Similar to the more common Ocean Spray, but growing in hotter, drier conditions. It thrives in dry rocky desert valleys and hillsides from Idaho south to Arizona and New Mexico. Foamy waves of white flowers cover this native shrub in summer. Supports native pollinators.
Winterfat is a low-growing, compact xeric shrub. Produces tiny white flowers in summer followed by ornamental woolly white seed heads in fall. Exciting in dried arrangements. Attracts birds & tolerates alkaline soils. An eye-catcher.
Creeping Oregon Grape is a low-growing, evergreen shrub. Bright yellow flowers bloom in spring followed by blue berries. Leaves are evergreen. Adaptable to many soil types and does well in full sun or full shade. Nectar and pollen source for native bees.
Syringa or Mock Orange is a deciduous shrub with lovely four petaled flowers, incredible fragrance. In the wild, Syringa grows in variety of habitats, from streambanks to lava flows. Can adjust to very low water sites. Idaho state flower.
Shrubby Cinquefoil is a small native shrub covered by small, yellow flowers all summer. Attractive foliage makes this a nice accent plant for sun or partial shade. Not currently available. Attracts bees and butterflies. Not currently available.
Chokecherry has profuse racemes of white flowers that turn into edible black fruit. Leaves turn deep glossy red in fall. Freely suckering growth form provides good wildlife habitat, especially for birds. Pollinators: butterflies, bees.
A stout, upright shrub or subtree growing to head-high or higher. Produces many pale yellow, wildrose-type flowers in the spring, each of which produces five feathery plumes with a seed attached. Related to bitterbrush.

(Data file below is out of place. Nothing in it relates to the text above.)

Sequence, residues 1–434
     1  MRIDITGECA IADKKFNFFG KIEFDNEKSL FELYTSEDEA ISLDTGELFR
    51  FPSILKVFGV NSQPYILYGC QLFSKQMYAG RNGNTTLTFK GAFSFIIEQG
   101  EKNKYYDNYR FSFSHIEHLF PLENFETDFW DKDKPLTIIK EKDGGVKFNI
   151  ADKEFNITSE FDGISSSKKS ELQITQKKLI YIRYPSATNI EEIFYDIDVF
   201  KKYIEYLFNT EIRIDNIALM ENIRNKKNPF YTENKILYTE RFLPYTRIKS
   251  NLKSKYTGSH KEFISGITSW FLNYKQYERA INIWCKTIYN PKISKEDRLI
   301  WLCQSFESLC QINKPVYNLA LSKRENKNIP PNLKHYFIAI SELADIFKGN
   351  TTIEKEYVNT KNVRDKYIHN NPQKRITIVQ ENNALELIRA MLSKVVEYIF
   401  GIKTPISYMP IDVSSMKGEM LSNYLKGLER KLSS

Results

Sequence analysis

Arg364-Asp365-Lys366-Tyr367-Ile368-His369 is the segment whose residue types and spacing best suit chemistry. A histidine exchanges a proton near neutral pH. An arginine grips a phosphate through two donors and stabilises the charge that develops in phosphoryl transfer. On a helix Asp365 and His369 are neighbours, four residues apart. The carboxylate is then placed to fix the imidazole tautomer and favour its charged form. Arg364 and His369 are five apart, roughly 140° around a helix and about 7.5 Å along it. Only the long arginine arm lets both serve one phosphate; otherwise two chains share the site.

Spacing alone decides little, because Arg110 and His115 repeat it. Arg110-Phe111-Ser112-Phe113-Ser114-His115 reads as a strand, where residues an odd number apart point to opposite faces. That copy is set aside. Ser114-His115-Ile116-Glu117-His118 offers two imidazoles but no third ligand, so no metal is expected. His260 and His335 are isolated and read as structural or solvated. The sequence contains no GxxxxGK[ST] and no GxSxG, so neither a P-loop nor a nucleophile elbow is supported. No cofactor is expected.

Bitterbrush is a highly branched native shrub often with spectacular yellow spring bloom. Could replace forsythia in native, xeric gardens. Good wildlife habitat. Pollinators: butterflies, bees. More info here.
Oakleaf Sumac is a dense, mid-sized to large shrub, excellent foundation plant. Yellow bloom in spring and nice orange-yellow leaf color in fall. Female plants can yield a tart fruit traditionally used to make a lemony drink. Deciduous. Good bird habitat. Unrelated to poison sumac.
Golden Currant is a deciduous shrub with fragrant, golden yellow flowers in early spring. Small, bright green maple-like leaves with lovely fall color. Widespread in Boise foothills. Tolerates a wide variety of conditions. More information here.
Dwarf Culinary Sage grows into a shrub covered with a dense mound of edible leaves. Covered with showy lavender-blue flowers in early summer, it becomes a magnet for honeybees. Unlike ordinary culinary sage, this dwarf form is completely evergreen, creating a beautiful gray-green mound in the winter garden. Tolerates clay and shade.
Silver Buffaloberry is an attractive mid-size shrub with grey-green foliage, similar to Russian Olive. It tolerates a wide range of conditions from wet and heavy to dry soils, but to keep growth under control, give very little water. Pollinators: butterflies, bees.